After We Die, by Stephen T. Davis

The Nicene Creed, embraced by virtually all Christian churches, concludes: “I look for the resurrection of the dead, and the life of the world to come.” Resurrection and eternal life are not just one item on a list of Christian beliefs, they constitute the whole point of being a Christian. But, Stephen Davis observes in After We Die, the reality of resurrection and eternal life cannot be proved by experience. Reports about heaven from near-death experiences won’t do because, after all, the people doing the reporting didn’t die. So belief in eternal life is just that: a belief.

Whether that belief is plausible or preposterous, the first question to ask is, What does it mean? Philosopher Antony Flew argued long ago that the very idea of afterlife has no meaning; it is like a round square, self-contradictory. Afterlife implies that I could somehow attend my own funeral, which is absurd.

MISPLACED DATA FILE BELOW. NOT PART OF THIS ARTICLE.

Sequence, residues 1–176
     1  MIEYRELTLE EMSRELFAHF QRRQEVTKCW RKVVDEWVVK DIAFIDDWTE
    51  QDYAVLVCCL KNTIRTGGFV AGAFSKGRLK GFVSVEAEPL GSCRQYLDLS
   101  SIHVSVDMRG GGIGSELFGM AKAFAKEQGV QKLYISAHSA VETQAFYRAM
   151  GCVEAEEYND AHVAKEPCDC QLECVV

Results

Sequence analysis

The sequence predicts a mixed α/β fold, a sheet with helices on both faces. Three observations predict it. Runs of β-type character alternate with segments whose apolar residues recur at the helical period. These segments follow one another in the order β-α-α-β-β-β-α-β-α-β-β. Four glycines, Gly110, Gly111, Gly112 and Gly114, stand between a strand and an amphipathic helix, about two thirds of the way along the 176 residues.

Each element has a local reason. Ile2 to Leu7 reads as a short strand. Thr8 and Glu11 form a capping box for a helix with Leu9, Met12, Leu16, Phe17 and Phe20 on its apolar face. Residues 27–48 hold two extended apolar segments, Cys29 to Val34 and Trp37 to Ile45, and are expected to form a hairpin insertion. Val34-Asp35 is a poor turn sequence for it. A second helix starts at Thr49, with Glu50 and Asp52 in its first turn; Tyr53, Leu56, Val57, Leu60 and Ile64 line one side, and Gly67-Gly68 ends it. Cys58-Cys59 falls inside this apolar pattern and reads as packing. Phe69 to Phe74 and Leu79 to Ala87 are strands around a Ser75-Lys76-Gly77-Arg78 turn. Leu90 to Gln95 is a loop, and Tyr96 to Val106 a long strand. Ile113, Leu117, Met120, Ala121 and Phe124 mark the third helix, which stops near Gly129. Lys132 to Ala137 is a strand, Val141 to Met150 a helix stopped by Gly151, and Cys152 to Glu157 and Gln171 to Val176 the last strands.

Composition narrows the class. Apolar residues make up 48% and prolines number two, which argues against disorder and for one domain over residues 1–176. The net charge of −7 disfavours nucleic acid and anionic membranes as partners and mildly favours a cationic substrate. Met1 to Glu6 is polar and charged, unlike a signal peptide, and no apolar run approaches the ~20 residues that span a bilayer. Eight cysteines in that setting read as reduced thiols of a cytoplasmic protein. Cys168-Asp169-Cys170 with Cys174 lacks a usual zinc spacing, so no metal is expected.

Davis quickly dismisses Flew by noting that language is fluid: surviving death is not, after all, like surviving a car crash. Resurrection is not resuscitation. But if we extend the meaning of survive to an afterlife, what survives? Resurrected life comes only after the radical termination of life, this life, my life. My body is, once and for all, dead and done with.